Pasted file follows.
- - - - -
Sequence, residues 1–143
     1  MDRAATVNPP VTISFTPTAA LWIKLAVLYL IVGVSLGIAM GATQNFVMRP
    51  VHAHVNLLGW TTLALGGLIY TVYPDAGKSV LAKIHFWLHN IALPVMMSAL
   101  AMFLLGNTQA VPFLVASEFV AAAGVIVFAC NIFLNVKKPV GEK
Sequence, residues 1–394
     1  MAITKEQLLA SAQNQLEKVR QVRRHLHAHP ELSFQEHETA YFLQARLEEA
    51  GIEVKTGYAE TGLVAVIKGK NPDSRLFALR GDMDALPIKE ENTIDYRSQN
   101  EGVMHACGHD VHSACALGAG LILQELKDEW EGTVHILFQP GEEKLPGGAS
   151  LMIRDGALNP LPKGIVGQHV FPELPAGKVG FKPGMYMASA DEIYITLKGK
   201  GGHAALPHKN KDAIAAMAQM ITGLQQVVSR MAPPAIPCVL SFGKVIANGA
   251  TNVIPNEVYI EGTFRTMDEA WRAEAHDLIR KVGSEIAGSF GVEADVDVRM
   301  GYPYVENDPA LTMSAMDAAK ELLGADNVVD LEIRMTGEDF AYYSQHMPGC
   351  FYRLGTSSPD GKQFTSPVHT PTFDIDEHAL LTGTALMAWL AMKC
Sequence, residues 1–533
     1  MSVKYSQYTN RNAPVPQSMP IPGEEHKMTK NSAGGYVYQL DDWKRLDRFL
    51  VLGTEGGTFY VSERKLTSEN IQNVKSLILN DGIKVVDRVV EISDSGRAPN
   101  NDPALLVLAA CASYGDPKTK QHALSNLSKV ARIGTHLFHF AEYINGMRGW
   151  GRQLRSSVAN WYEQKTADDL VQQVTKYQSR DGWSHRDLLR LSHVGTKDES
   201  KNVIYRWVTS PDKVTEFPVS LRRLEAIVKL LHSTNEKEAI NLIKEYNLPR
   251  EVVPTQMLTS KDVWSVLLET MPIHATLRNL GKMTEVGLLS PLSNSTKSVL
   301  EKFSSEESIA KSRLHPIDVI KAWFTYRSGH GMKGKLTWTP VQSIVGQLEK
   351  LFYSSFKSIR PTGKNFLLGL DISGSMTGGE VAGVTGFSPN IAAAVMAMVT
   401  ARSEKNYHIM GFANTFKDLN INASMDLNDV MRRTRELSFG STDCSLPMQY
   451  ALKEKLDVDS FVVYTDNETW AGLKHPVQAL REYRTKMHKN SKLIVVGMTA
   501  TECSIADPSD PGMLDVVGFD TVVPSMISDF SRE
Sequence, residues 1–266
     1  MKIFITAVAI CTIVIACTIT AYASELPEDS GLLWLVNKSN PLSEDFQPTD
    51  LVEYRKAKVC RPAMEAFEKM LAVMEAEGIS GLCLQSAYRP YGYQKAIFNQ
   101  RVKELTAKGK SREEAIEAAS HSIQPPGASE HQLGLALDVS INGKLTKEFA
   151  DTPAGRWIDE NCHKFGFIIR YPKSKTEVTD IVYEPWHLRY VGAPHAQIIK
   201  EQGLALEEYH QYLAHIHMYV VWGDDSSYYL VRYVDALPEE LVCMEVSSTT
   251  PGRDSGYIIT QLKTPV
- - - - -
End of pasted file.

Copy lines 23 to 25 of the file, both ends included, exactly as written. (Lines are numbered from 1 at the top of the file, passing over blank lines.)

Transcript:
   401  ARSEKNYHIM GFANTFKDLN INASMDLNDV MRRTRELSFG STDCSLPMQY
   451  ALKEKLDVDS FVVYTDNETW AGLKHPVQAL REYRTKMHKN SKLIVVGMTA
   501  TECSIADPSD PGMLDVVGFD TVVPSMISDF SRE